City Street in Prague, Czech Republic.
City Street in Prague, Czech Republic.

After crossing a bridge (not the Charles Bridge, which is pedestrian-only), Ivana takes Stephanie into Prague's Old Town. The historic center of Prague was once five different towns. "Each town was founded in a different period for different people," Ivana continues. "Each has managed to preserve its own character, too. The Little Town (Mala strana), for example, is full of hidden treasures that tourists don't often discover. There are many peaceful secret squares and gardens, but you have to know exactly where they are."

Prague, Czech Republic.
Prague, Czech Republic.

The Little Quarter was founded in the mid-13th century for German merchants and eventually became home to Italians, artisans, and architects, too. Prague also has a Jewish neighborhood, an Old Town where Czech merchants lived, and a New Town, so named because it was founded in 1348. The area around Prague Castle was once home to Czech noblemen, who wanted their homes to be as close as possible to the seat of the rulers. Passing behind Prague Castle, Ivana and Stephanie reach the Strahov Monastery, the highest point of the historic town center.

Charles Bridge on the Vltava River in Prague, Czech Republic.
Charles Bridge on the Vltava River in Prague, Czech Republic.

"The monastery was founded in 1143 and since then has been one of the centers of cultural life in Prague," says Ivana. "It's kept by Norbertine monks, who were known as very good educators and very well-educated people. There were many artists among them, and they built an amazing monastery with beautiful interiors. After the Communist era, the monks returned to ruined conditions; it was very badly maintained." The monastery is currently under restoration, but it has taken two years and 2 million euros to renovate the library halls alone.

Prague, Czech Republic.
Prague, Czech Republic.

Fortunately, the monastery encompasses several apartment buildings, restaurants, a brewery, and a church-cum-art gallery. The monks rent out these properties and use the income to maintain the monastery. Financing for the restoration, however, has come from grants from Norway. "Norway is the richest country in Europe because of its oil," Ivana explains. "They're choosing some projects to finance and like to come here as tourists, so they've sponsored some restoration here. We're grateful for the support."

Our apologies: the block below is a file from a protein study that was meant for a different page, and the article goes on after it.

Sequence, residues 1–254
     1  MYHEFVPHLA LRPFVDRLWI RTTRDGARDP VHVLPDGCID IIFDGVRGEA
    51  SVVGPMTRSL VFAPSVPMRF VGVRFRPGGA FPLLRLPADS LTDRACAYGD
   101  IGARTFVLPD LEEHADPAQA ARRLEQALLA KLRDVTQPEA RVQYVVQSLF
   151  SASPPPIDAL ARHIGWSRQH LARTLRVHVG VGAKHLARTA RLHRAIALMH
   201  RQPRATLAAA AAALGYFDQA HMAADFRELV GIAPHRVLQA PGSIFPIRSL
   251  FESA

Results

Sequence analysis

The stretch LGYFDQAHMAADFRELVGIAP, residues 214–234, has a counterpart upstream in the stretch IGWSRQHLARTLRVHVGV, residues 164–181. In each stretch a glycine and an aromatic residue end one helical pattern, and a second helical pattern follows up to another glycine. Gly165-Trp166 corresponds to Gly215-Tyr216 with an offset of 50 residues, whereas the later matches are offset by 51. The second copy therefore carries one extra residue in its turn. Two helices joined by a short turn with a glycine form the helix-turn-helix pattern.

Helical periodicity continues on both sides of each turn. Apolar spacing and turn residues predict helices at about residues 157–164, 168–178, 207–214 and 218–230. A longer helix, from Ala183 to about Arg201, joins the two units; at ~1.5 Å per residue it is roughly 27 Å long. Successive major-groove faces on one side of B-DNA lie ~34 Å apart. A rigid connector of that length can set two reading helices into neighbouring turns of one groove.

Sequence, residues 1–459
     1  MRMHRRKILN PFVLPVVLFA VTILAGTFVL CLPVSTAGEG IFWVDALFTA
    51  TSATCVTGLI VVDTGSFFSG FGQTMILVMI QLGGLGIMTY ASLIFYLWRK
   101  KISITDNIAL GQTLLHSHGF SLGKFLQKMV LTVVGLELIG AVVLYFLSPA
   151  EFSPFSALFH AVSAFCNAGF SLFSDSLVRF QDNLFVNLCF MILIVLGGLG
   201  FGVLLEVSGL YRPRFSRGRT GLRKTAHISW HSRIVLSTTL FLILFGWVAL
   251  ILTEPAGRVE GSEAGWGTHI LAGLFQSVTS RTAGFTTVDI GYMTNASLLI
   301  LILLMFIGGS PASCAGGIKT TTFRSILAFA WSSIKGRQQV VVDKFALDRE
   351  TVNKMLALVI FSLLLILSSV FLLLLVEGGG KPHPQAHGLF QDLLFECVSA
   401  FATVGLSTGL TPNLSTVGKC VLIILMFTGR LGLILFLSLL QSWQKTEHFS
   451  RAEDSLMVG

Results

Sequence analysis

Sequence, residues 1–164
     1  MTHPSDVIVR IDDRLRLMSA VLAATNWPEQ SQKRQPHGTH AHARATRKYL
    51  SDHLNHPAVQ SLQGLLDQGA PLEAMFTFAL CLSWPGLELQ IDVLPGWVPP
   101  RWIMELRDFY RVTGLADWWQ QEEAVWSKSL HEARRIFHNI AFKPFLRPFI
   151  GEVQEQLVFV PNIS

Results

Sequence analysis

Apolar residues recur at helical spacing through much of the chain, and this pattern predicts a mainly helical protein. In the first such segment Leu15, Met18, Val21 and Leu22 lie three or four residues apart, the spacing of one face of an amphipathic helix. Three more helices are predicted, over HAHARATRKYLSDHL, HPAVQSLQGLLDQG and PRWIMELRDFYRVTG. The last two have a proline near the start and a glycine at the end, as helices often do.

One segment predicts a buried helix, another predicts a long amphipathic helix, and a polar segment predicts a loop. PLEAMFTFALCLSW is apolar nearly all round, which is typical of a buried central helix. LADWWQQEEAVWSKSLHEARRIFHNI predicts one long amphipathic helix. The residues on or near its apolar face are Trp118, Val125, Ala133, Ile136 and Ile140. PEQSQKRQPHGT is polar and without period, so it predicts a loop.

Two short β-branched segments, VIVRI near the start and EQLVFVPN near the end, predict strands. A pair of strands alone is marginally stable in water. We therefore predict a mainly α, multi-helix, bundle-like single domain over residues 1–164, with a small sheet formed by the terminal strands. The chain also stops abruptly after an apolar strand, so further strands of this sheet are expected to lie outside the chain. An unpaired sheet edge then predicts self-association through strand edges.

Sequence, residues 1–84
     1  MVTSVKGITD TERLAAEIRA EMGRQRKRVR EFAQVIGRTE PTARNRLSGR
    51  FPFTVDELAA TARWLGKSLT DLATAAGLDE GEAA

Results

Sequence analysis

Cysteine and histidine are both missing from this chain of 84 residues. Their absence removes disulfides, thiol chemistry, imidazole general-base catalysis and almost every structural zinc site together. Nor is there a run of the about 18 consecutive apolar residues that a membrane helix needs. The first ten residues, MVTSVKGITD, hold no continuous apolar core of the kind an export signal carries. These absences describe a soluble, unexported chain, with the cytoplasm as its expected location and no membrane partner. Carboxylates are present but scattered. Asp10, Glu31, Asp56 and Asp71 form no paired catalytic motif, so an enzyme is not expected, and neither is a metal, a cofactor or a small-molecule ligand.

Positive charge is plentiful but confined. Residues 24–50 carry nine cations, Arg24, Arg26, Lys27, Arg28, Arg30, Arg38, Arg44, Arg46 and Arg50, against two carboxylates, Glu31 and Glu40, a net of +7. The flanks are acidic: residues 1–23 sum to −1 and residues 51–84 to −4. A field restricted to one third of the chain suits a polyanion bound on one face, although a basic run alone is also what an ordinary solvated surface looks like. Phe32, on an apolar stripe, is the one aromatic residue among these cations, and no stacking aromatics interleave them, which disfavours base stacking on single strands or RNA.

Jewish Quarter in Prague, Czech Republic.
Jewish Quarter in Prague, Czech Republic.

Ivana and Stephanie arrive at Loreto Square, where they take in two examples of Baroque-style buildings. On one side of the square is a palace in Palladian Baroque style. It was built around 1650 and is the second-largest palace in Prague. "But looking at it, it almost looks boring," says Ivana. "There are columns there, but nothing too entertaining" On the other side of the square, though, is an example of Czech Baroque architecture, which features colorful statues and even an onion dome. Loreto Square itself was an old pilgrimage site. "Inside the cloisters, there's a beautiful little house that's a copy of the Virgin Mary's home," Ivana adds. "There are also Rococo chapels and a treasury on the second floor."

Jewish Quarter in Prague, Czech Republic.
Jewish Quarter in Prague, Czech Republic.

Next, Ivana and Stephanie head to Castle Square (Hradcanske namesti), in front of Prague Castle. "It's named for the castle, or 'hrad,' in Czech," explains Ivana. "The richest noblemen always wanted to live around here and built a number of beautiful palaces. Each wanted to be the neighbor of the ruler. The most interesting palace is the Schwarzenberg, built in the Czech Renaissance style. For some reason, in the Czech Republic, every style became more ornamental than anywhere else."